Using a ‘traffic light’ color scheme, learn about a country’s performance relative to the other focus countries for each individual SDG. Each square on a SDG line represents the performance of a country, with the selected country (i.e. El Salvador) being the larger square. Click on a country square on any SDG line to learn about the related indicators and their score!
El Salvador has made significant strides to reduce poverty and inequality in recent decades. Income inequality in the country – measured by the Gini coefficient – declined by about 5 percentage points between 2007 and 2016, driven by income growth for the poorest 20%. This has made El Salvador the second most equal country in Latin America —though poverty rates remain high in rural areas.
These developments have had positive effects on girls’ and women’s health and livelihoods. Yet gender gaps persist in women’s political participation, employment, wages and financial inclusion, and other areas. High rates of violence, limited access to family planning, and the full criminalization of abortion under all circumstances (even when a woman’s life is at risk) continue to undermine women’s health and vital rights.
El Salvador has strong human rights frameworks for women and children, though implementation remains a challenge. Certain forms of discrimination against girls and women reflect significant gaps between policy and practice. The Special Comprehensive Law for a Life Free of Violence for Women was passed in 2011, but women still experience gender-based violence, as well as discrimination and hostility from authorities, especially the police and judicial system.
On average, 15 cases of sexual violence are reported in El Salvador every day mostly against young women, with statistics showing that 7 out of 10 women who experience sexual violence are under 20 years of age.
SDG 3 on health: El Salvador had the lowest maternal mortality ratio of the six focus countries in 2015, and a high percentage of women had their family planning needs met as of 2014, 82% of married women.
SDG 6 on water and sanitation: El Salvador had the highest proportion of people across the six countries using at least basic sanitation services, 91% (2015). It did not perform well on the indicator that measures whether WASH policies and plans have specific measures to reach women.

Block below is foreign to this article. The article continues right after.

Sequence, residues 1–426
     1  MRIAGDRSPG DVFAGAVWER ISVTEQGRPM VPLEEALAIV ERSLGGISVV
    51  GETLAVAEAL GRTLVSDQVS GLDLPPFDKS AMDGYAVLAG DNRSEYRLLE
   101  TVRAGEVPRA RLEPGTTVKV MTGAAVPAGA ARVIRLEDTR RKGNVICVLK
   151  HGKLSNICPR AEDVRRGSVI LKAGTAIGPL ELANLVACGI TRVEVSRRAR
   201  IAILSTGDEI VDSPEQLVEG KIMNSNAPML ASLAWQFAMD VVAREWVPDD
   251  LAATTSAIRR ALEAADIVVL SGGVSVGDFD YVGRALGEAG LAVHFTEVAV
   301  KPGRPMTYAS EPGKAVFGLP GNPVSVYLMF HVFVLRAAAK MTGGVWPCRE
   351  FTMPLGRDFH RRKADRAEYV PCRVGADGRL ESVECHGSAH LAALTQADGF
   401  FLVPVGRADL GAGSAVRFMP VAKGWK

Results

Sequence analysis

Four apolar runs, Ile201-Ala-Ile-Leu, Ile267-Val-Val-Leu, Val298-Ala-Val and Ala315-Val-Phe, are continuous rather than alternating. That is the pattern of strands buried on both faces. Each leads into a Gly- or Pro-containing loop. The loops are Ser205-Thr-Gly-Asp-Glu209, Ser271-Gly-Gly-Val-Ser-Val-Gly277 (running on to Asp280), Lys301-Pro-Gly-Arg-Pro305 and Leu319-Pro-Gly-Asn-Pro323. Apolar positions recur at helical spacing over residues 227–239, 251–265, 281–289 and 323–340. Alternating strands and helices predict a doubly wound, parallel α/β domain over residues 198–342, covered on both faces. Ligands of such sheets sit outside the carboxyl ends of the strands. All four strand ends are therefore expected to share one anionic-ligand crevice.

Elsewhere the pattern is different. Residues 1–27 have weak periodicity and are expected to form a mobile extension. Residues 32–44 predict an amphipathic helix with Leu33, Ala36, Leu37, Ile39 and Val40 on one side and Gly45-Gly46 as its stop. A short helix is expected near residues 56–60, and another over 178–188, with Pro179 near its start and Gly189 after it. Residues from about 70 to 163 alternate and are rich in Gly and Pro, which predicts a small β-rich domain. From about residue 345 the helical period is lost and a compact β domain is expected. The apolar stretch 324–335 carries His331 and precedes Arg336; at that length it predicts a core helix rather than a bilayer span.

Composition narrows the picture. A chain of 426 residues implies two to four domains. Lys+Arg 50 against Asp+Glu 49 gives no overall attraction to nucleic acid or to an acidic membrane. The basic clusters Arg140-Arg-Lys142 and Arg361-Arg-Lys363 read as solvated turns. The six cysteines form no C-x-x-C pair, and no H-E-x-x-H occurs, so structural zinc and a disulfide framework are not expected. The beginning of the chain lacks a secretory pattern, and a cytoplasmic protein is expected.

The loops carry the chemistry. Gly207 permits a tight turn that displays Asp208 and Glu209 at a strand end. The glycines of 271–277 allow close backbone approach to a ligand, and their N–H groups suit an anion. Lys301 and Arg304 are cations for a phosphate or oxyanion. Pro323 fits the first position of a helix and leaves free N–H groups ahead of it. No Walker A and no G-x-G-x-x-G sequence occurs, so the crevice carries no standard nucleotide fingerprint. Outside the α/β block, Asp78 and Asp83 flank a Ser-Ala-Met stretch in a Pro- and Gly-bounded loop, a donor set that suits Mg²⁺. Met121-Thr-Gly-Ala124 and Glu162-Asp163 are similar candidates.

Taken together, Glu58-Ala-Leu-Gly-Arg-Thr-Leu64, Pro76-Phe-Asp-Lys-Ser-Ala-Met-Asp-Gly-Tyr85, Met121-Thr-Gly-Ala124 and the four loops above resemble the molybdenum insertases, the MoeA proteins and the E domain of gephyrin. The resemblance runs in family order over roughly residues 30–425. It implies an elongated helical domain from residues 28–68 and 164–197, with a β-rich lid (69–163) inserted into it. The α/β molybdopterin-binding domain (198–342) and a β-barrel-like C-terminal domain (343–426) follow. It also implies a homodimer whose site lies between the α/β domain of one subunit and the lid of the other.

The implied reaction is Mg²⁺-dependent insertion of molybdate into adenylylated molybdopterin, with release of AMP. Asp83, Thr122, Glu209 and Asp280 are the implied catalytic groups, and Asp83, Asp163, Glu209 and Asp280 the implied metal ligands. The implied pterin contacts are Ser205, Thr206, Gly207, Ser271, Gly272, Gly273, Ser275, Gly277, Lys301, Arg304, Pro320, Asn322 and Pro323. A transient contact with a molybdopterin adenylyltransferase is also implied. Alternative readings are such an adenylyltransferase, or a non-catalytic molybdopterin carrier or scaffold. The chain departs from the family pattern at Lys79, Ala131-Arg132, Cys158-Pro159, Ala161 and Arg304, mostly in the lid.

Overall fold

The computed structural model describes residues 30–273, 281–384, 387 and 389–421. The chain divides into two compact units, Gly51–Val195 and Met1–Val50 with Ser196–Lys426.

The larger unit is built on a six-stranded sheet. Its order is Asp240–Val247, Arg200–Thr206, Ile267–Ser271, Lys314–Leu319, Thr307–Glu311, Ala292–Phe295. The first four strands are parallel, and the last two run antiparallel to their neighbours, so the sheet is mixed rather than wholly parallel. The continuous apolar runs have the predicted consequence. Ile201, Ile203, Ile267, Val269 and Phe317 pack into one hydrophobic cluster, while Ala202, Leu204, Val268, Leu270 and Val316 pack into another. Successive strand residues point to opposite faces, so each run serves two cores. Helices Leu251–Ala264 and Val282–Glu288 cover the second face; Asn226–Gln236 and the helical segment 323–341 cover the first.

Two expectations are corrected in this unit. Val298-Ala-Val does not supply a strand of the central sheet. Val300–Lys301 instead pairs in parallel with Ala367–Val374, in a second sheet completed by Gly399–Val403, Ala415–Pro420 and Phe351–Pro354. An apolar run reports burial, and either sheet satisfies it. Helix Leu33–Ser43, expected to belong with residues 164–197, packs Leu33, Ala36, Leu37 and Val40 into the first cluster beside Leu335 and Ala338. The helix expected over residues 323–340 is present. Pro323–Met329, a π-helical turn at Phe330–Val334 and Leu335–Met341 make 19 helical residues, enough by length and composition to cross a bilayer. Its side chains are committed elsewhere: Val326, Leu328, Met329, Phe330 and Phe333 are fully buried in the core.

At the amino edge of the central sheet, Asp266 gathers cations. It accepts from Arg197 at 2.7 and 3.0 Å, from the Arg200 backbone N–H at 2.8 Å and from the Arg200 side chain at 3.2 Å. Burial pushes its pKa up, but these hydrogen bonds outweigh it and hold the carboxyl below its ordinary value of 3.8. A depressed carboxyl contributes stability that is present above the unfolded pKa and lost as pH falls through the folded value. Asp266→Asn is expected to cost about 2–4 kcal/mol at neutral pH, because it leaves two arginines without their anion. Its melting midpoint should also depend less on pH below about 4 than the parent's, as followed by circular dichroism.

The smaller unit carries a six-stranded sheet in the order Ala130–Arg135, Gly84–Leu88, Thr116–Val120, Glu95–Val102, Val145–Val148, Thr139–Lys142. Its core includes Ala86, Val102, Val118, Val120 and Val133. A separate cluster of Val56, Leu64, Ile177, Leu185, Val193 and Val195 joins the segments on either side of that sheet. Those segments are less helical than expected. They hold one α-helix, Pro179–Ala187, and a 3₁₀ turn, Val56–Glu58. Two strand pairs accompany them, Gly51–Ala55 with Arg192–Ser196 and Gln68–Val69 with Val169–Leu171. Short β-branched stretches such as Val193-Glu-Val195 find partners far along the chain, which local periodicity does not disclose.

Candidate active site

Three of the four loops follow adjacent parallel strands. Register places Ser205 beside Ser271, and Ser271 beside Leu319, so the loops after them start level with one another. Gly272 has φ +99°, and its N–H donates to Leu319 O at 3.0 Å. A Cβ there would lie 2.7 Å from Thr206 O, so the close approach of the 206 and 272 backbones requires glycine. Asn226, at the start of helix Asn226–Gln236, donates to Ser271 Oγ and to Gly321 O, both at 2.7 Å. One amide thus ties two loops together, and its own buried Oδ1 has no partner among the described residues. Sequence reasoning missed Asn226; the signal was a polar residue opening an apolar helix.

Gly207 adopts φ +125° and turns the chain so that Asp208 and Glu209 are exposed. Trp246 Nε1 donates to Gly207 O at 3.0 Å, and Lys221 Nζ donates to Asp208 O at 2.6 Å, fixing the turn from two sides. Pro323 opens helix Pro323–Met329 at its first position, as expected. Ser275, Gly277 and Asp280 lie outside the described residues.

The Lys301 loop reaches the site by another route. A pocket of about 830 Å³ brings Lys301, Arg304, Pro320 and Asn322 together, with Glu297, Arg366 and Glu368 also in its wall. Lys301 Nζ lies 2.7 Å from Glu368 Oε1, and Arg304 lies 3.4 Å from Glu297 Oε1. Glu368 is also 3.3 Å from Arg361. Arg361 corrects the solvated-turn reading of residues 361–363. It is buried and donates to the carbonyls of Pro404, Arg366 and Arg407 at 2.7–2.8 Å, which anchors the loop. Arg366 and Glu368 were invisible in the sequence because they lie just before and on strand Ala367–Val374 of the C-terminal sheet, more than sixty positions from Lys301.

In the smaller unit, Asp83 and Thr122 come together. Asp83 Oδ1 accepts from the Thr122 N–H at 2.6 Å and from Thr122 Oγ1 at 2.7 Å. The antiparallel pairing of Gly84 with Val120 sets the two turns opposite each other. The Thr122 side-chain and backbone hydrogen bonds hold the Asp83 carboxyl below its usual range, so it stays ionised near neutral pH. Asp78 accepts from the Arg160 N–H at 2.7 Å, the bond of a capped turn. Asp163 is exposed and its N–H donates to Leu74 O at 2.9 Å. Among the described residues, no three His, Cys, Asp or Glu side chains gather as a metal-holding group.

SDG 7 on energy: The vast majority of the population in El Salvador had access to electricity, 99% (2016), with a high proportion also reliant on clean fuels and technology, 86% (2016).
SDG 5 on gender equality: El Salvador had several weak points, especially the lack of any legal grounds for abortion as of 2017. El Salvador also has a fairly high rate of child, early and forced marriage, with 26% of girls married before the age of 18 in 2014. The country also had the lowest percentage of women who had made or received a digital payment in the last year, 18% (2017).
SDG 10 on inequalities: El Salvador had the lowest score on how equally political power is shared between men and women, based on experts’ perceptions in 2017. It also has the lowest score for gender equality provisions in the Constitution as of 2017.
SDG 16 on peace, justice and institutions: The number of women who were killed as a result of intentional homicide in El Salvador in 2016, nearly 60 times the rate in Indonesia.
Together with her mother, Laura pushes for progress on gender equality in El Salvador. She uses radio and video to share her opinions about child rights in her community.Go to the Story
I am the only girl in my community to go to high school, amongst a school of 300 students. It was hard at first, especially as everyone would say to me, ‘she’s going to get pregnant and eventually drop out’.Go to the Story